NRP-1 by the cancer cell line. This indicative ratio is independent
of variations in the location of the focal plane, the local cell con-
centration, and turbidity. The technique also benefits from the
very low laser intensities (100 μW) needed for good signal to
noise and the use of a single wavelength to excite all SBTs.
Materials and Methods
Materials. All chemicals for the synthesis of the SBTs were purchased from
Sigma except where specified. Silver nitrate (AgNO3) 99.9999%; trisodium
citrate dihydrate (Fisher); hexamethylenediamine (HMD), 98%; polyvinylpyr-
rolidone (PVP), molecular weight 40,000; bovine serum albumin (BSA),
powder; potassium chloride (Mallinckrodt Baker); thionin acetate salt (dye
content approximately 90%); MB (dye content ≥82%); N-succinimidyl 3-(2-
pyridyldithio)propionate (SPDP), Thermo Fisher Pierce no. 21857; Fluores-
cein-C-X-GRPARPAR-OH (where X is an aminohexanoic linker) designated
FAM-Cys-RPARPAR was a gift from Erkki Ruoslahti’s group at Sanford–Burn-
ham Medical Research Institute, University of California, Santa Barbara, CA;
cates the NRP/PC ratio extracted by deconvolution of the point-by-point
SERRS spectra across the scanned area of a group of (A) PPC-1 cells and a
group of (D) RWPE-1 cells. Bright field image of (B) the same PPC-1 and
(E) RWPE-1 cells. (C and F) The corresponding image overlays. Color code in-
dicates the NRP/PC ratio ranging from 0.1 (green) to 10 (red). Scale bar, 5 μm.
Two-dimensional mappings for cancer and normal cells. Color indi-
populations. (A) The histogram represents the percentage of either RWPE-1
(blue) or PPC-1 (orange) cells that have the values of the NRP/PC ratio indi-
cated. (B) Box plots of the NRP/PC ratio for both PPC-1 and RWPE-1 popula-
tions after application of the logarithmic transformation to render both
distributions normal. The experimental data (orange dots for PPC-1 cells
and blue dots for RWPE-1 cells) are depicted on the left of each box as a visual
aid. The middle line of each box represents the median, the solid black square
is the mean, and the whiskers define the inner upper and lower fences be-
yond which possible outliers are found. The boxes do not overlap, indicating
statistically excellent differentiation between these two populations; t test
n1¼ 16 and n2¼ 24, p < 0.001.
Statistics of the SERRS ratios obtained from cancer and normal cell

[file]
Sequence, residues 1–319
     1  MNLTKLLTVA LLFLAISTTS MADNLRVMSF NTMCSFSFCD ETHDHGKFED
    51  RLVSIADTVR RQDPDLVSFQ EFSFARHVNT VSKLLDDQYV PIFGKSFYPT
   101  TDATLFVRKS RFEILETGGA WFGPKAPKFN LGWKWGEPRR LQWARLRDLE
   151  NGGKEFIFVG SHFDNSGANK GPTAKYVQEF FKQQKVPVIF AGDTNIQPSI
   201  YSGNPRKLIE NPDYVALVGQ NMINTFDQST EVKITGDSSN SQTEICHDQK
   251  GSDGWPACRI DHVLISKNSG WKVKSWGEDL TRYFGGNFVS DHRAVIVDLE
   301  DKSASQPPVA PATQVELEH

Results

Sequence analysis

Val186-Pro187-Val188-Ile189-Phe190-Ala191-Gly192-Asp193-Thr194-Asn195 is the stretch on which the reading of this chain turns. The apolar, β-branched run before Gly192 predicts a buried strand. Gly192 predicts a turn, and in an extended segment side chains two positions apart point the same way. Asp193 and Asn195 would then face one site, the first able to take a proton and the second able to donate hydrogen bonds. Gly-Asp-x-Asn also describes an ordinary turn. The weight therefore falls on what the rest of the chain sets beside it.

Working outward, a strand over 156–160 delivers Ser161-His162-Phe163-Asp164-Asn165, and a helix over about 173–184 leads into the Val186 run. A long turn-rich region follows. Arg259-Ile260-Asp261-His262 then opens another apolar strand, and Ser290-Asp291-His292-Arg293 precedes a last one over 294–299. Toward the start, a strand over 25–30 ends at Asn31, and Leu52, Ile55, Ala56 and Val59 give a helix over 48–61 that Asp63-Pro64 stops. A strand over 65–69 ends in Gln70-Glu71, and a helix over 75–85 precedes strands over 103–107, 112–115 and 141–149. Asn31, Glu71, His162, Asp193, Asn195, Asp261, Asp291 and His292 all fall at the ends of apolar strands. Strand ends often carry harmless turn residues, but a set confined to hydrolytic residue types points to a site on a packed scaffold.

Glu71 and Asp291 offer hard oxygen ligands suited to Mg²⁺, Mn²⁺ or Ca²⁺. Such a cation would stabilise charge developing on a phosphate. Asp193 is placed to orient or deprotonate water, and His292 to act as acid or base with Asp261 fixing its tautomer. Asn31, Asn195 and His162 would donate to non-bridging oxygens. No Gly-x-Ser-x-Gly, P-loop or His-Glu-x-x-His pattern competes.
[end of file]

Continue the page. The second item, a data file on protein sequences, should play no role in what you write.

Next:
www.pnas.org/cgi/doi/10.1073/pnas.1109490108 Pallaoro et al.
Cys-TAT (CGRKKRRQRRR-OH), Anaspec; Fluorescein-NHS (#46410, Pierce);
polyoxyethylene (20) sorbitan monolaurate solution 10% in H2O (Tween
20, T20); D-PBS (Gibco), Syringe filters Millex-GV, 0.22 μm, PVDF, 13 mm,
ethylene oxide sterilized.
Peptide Labeling. Cys-TAT was labeled with NHS-Fluorescein (FAM-NHS,
Pierce). FAM-NHS first was dissolved at 5 mg∕mL in DMSO and stored at
−20°C. Cys-TAT was dissolved in water (Hyclone) to a concentration of
1 mg∕mL and also stored at −20°C. The two were combined, 300 μL peptide
and 25 μL dye, and reacted for 3 h at room temperature and stored at −20°C.
BSA Modification. BSA was reacted with SPDP (Thermo Fisher Pierce #21857).
BSA was dissolved at 22 mg∕mL in water, and 50 μL 10× PBS pH 7.2 (Invitro-
gen) was added. SPDP was dissolved in DMSO (100 mg∕mL) and added to the
BSA, shaking for 3 h at room temperature. The protein was dialyzed over-
night using a Slide-a-Lyzer with a molecular-weight cutoff of 20 kDa, against
0.1× PBS pH 7.4, containing 0.02% NaN3with three changes of the buffer.
The volume increased during the dialysis because of the change in salt con-
ditions. The solution was recovered and passed through a 0.22-μm syringe
filter. Final concentration of the protein was determined by UV-visible spec-
troscopy to be 6.5 mg∕mL with a content of approximately 5 SPDP per BSA,
found through pyridyl reduction (extinction at 343 nm of 8;080 M−1cm−1).
BSA modified by the previous reaction of the sulfo-NHS group on SPDP
with lysines interacts with the silver surface of the colloid. The BSA binds
strongly through the SPDP molecule with the pyridine group appearing in
the SERS spectrum prior to Raman reporter being added. Each protein carries
several free hanging SPDP groups that can interact with the cys-peptides,
thus holding peptides on the outside of the SBT coating for interacting with
Ag SBTs Synthesis. The silver colloid was synthesized according to the Lee and
Meisel protocol (31): 500 mL of deionized water (DI, resistivity 18 MΩ) with
1 mM silver nitrate were brought to a boil. Then, 10 mL of 1% sodium citrate
was added. The mixture was kept at boiling temperature for about 90 min
until the color turned dark green/gray. Aliquots of the colloid were taken
and centrifuged at 0.8 × g to remove the smallest particles. The yellow super-
natant was discarded, and the pellet was resuspended in DI. The pellet was
diluted until the absorbance of the band at 406 nm was 0.3 at 0.1-mm path
length. The resulting colloid was called Ag03. NRP and PC-SBTwere then pre-